Idioms. It’s impossible to learn any language_without encountering these non-literal uses of vocabulary, but English is particularly plentiful with them.
Idioms. It’s impossible to learn any language without encountering these non-literal uses of vocabulary, but English is particularly plentiful with them. And while they give speakers colorful, creative, and often powerful ways to explain, describe, and communicate, they are not always easy to understand, learn, or use for non-native speakers.
Apto is an informal language learning tool – a cultural-linguistic simulator that introduces learners to English idioms as part of real-life, scenario-based video lessons. We will pull commonly encountered idioms from everyday, non-staged scenarios and present them here each week for our expat community of learners.
To kick off the series, we introduce you to the expression “hang in there.” We find this idiom particularly helpful – so much so that we used it to title our blog! The goal of Apto is to alleviate the stress and anxiety that go along with adapting to a new life, language and culture by preparing our learners for the situations they will face on a daily basis. We understand the challenges, and have a passion for giving learners the confidence they need to thrive in their new role and home. When we tell our clients and learners to “hang in there,” we are reassuring them that things will get better.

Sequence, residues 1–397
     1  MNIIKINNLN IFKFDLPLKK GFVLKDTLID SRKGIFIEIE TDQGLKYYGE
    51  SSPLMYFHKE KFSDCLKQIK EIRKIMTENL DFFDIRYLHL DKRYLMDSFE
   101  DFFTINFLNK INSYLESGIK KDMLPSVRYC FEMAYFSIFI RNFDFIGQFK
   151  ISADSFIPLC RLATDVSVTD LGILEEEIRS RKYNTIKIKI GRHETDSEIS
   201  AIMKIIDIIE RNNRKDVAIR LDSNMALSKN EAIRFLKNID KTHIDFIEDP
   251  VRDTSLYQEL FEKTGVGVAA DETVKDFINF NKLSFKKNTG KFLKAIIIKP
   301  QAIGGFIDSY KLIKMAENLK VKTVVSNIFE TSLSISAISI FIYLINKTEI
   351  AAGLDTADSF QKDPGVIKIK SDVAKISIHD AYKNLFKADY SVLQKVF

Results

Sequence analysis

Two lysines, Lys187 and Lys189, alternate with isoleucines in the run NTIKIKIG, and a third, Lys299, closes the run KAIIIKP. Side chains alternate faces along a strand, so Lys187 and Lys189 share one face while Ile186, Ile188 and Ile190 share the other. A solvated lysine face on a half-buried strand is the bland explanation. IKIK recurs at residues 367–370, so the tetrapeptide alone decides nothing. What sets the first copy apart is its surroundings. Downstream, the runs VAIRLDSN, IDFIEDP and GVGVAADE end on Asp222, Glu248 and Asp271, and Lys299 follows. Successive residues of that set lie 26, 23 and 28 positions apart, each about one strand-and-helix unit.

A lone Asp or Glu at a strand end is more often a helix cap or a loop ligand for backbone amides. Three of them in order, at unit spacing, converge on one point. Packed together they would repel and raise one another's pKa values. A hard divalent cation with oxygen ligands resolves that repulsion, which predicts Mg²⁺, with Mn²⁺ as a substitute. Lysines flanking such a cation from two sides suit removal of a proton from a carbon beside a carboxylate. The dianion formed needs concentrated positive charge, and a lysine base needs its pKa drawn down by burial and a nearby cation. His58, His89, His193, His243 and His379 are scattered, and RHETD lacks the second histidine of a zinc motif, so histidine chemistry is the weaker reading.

The handy, online Free Dictionary provides the following definition:
Hang in there. – Be patient, things will work out.Bob: Everything is in such a mess. I can’t seem to get things done right. Jane: Hang in there, Bob. Things will work out. Mary: Sometimes I just don’t think I can go on. Sue: Hang in there, Mary. Things will work out.
So to our expat community of learners. We understand what you’re going through, and Apto is here to help. In the meantime, hang in there!
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